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The myth that is Neil Gorsuch's 'originalism'

The myth that is Neil Gorsuch's 'originalism'
Judge Neil Gorsuch speaks in the East Room of the White House in Washington on Jan. 31. (Carolyn Kaster / Associated Press)

To the editor: The best refutation of the myth of "originalism" being espoused by Supreme Court nominee Neil Gorsuch was explained by the late Justice William Brennan. He pointed out that trying to "find legitimacy in fidelity" to the intentions of the framers of the U.S. Constitution was "little more than arrogance cloaked as humility." ("Is the Scalia theory embraced by Judge Gorsuch a lofty constitutional doctrine or just an excuse to be conservative?" March 17)

"It is arrogant," Brennan said, "to pretend that from our vantage we can gauge accurately the intent of the framers on application of principle to specific, contemporary questions." For him, the Constitution had no "static meaning it might have had in a world that is dead and gone, but in the adaptability of its great principles to cope with current problems and current needs."

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To defend and protect the Constitution, we need justices on the court today like Brennan and Stephen G. Breyer, who believes "the court should regard the Constitution as containing unwavering values that must be applied flexibly to ever-changing circumstances."

Stephen F. Rohde, Los Angeles

The writer is a constitutional lawyer and a former president of the ACLU of Southern California.

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To the editor: Even the framers were not originalists. They certainly did not believe that the Constitution should be interpreted throughout the centuries according to the meaning as they understood it. That's precisely why they allowed for amendments.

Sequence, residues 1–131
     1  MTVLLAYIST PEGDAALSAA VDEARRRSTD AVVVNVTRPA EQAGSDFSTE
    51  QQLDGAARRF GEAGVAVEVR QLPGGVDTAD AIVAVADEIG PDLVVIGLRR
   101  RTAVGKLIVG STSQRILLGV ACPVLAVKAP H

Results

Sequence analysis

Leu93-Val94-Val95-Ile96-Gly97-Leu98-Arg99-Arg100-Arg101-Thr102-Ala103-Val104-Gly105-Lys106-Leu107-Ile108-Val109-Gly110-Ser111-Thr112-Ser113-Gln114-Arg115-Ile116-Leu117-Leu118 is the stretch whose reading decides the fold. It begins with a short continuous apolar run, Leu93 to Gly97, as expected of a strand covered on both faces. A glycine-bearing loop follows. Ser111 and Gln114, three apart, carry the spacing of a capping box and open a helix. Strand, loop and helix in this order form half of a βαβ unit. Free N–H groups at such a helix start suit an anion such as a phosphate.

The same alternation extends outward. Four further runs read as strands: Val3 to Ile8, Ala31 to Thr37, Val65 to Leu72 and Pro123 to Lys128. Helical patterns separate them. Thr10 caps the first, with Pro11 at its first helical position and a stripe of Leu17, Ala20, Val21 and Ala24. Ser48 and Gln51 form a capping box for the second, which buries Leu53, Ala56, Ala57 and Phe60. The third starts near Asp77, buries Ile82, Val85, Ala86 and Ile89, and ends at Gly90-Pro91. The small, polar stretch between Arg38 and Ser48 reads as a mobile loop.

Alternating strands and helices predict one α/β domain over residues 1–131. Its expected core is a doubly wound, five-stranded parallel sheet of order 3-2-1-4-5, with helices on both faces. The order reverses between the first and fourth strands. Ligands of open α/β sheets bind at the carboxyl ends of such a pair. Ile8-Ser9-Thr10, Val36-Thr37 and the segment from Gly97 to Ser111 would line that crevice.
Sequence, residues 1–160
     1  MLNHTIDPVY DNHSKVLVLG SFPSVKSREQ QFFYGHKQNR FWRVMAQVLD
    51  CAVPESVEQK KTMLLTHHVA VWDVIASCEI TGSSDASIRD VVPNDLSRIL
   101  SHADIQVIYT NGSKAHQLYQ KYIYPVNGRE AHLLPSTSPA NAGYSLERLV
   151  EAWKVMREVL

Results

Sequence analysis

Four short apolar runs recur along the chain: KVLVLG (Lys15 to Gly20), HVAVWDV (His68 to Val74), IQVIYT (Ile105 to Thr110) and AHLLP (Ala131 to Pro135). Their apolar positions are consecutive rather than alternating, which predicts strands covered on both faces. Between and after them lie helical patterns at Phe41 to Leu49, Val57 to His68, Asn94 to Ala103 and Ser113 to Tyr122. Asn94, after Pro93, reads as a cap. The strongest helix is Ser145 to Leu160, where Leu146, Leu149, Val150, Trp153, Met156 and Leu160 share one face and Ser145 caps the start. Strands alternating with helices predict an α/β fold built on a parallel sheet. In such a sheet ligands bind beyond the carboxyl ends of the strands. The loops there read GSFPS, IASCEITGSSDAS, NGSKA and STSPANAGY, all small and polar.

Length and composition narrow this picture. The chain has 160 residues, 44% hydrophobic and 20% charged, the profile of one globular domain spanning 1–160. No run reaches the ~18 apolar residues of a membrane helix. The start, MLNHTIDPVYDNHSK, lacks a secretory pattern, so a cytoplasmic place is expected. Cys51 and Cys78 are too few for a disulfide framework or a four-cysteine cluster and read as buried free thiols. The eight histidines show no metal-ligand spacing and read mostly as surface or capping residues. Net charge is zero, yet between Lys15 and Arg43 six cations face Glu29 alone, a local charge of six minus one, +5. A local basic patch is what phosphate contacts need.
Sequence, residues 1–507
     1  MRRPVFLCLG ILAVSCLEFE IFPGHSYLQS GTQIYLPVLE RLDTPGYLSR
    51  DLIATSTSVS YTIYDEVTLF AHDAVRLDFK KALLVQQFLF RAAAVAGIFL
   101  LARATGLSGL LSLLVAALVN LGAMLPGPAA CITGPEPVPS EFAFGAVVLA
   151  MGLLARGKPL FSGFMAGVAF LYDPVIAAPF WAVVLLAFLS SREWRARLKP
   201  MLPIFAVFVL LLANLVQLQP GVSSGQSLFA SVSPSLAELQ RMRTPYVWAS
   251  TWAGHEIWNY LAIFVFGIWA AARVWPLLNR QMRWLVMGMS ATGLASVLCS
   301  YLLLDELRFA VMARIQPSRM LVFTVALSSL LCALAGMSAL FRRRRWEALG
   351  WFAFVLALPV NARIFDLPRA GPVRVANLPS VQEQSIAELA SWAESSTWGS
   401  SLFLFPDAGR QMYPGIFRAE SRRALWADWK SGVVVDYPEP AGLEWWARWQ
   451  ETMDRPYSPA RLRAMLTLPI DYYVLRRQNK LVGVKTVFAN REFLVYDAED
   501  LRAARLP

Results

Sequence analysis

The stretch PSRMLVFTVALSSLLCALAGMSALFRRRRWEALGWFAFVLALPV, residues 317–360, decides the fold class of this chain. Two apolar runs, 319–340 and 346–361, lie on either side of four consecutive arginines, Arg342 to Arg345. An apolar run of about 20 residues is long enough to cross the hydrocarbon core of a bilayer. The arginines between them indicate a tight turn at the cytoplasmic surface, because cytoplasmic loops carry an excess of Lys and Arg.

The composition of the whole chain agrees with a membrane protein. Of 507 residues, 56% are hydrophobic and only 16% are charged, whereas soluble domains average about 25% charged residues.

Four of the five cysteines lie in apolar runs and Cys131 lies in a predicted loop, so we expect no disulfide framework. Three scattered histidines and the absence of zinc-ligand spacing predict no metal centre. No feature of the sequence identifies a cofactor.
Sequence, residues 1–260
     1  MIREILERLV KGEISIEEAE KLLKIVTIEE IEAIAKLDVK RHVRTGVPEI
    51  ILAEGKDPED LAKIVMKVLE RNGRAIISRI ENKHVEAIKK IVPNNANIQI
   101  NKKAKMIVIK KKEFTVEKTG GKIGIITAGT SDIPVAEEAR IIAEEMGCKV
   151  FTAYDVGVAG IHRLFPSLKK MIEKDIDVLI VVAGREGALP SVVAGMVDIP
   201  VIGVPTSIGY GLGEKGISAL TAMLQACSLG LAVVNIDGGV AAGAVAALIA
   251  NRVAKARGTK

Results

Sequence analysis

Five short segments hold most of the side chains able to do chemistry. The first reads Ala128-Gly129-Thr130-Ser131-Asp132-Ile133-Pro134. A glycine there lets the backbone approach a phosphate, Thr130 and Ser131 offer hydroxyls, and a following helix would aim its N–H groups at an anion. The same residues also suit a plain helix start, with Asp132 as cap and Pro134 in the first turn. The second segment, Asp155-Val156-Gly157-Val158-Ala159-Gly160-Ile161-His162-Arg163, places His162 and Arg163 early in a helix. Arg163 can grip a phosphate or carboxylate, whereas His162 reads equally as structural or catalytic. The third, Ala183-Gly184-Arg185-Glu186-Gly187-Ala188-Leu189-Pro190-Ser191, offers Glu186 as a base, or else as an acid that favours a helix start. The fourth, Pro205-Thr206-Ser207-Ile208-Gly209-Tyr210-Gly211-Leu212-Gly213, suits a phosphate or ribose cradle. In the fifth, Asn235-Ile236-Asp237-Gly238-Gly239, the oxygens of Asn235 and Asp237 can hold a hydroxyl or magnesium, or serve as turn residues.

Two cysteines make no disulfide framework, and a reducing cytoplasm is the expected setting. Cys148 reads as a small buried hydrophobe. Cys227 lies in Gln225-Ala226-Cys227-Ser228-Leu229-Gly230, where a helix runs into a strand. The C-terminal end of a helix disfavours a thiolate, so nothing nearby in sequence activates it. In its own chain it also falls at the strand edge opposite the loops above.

Thomas Jefferson would beg to differ with Gorsuch's assessment of a rigid, inflexible document that Gorsuch presumes our Constitution to be. He believed that the law must advance to keep pace with the times, as we become more enlightened and new truths are discovered.

To say that Gorsuch is stuck in the past would be doing an injustice to Jefferson.

Jill Chapin, Santa Monica

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To the editor: When the Constitution was first written, the framers did not explicitly give the Supreme Court the right to review the constitutionality of a law. This right was established only later, in the case of Marbury vs. Madison, and was considered by many to be a broad overreach of the authority of the court.

It seems to me that a true originalist would have to recuse himself from any case that decided a constitutional issue, simply because it was not the framers' intent that such an issue be decided by the court.

David Weisenberg, Altadena

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